It seems equally clear that they had been drinking, even though the plaintiff denied that either of them was drunk. They had been driving around all day, had with them in the car some beer, and it is only credible to assume that they had been drinking such beer during much of the day. At least the defendant, his wife, and one disinterested witness judged them to be under the influence when they arrived at the lot.

7. According to the plaintiff, his companion got out of the car, approached the defendant who was near the door of a small office maintained by him on the lot. He demanded that his car be repaired immediately, and, when the defendant stated that the repairman did not work for him and was not then at the lot, he became insistent, whereupon defendant inquired if he were trying "to be smart." In the meantime, the plaintiff alighted from the car. He testified that he stood by the side of the car, did not approach the defendant, and took no part in the controversy between his companion and the defendant other than to state to the defendant that they wanted the car fixed at once.

This testimony of the plaintiff is vigorously denied by the defendant, his wife, who was in the small office located on the parking lot, and a disinterested witness who was only a short distance from the parties. According to their testimony, the plaintiff got out of the car along with his companion, and approached the defendant in a threatening manner, cursing and abusing him. Frightened, the defendant, after demanding without success that the plaintiff and his party leave his premises, went into his office and got a shotgun. When he returned with the shotgun, the plaintiff, according to the defendant and his witnesses, told the defendant he was not afraid of the gun, approached the defendant and took the defendant by the shoulder with one hand, with his other hand in his pocket. The defendant claims that, frightened by the action and the language of the plaintiff and believing himself in danger of serious bodily harm, he drew back and fired the gun, not at the plaintiff but towards the ground, hoping that this would induce the plaintiff to withdraw and to cease any threat of serious bodily harm to him. Unquestionably, the defendant was not seeking to kill the plaintiff; in fact, he seems not to have intended to harm the plaintiff, only to frighten him to desist from his assault and it was a mere accident that the shot hit the plaintiff in his foot.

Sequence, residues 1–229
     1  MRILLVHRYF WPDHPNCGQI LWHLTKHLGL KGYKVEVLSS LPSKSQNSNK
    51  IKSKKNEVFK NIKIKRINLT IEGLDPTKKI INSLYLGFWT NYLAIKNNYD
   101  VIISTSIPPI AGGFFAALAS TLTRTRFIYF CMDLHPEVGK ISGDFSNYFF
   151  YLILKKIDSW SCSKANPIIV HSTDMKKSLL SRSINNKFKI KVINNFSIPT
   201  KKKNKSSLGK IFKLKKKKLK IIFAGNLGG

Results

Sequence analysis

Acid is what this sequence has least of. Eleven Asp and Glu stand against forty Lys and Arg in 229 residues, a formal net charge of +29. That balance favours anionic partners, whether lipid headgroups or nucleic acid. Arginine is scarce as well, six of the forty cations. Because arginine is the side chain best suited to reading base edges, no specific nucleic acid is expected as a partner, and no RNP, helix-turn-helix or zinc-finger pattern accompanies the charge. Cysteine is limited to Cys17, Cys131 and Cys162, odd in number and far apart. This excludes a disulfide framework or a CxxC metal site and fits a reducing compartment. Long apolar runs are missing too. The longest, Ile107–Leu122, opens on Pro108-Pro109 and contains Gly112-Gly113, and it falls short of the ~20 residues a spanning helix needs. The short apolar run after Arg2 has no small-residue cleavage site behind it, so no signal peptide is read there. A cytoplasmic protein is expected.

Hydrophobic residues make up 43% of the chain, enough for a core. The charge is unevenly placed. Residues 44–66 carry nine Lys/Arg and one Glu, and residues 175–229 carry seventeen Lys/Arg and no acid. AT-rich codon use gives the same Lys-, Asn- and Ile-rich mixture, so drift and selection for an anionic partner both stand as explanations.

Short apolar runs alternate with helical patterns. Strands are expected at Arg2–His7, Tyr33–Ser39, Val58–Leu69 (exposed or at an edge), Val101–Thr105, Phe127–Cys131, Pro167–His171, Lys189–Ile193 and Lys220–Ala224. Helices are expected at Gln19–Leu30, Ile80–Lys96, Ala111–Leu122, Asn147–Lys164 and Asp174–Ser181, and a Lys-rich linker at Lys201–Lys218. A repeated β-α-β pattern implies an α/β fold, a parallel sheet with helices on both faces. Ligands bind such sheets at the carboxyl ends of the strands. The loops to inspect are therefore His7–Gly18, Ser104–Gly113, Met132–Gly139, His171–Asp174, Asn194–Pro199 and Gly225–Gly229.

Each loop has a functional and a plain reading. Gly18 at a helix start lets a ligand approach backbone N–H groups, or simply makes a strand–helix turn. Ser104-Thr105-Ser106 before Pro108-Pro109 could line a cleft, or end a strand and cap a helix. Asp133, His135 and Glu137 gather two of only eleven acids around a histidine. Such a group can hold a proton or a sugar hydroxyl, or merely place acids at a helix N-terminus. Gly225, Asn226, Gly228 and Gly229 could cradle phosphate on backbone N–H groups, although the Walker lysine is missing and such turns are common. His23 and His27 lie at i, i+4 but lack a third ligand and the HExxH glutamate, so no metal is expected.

I cannot believe that the plaintiff conducted himself in such a restrained way as he stated. If he had not taken a far more active part in the whole controversy than he indicates—if his companion were the aggressor in the whole transaction and he largely an onlooker, as he testifies—it would seem that his companion would have been the one involved in the shotgun affair and not the plaintiff.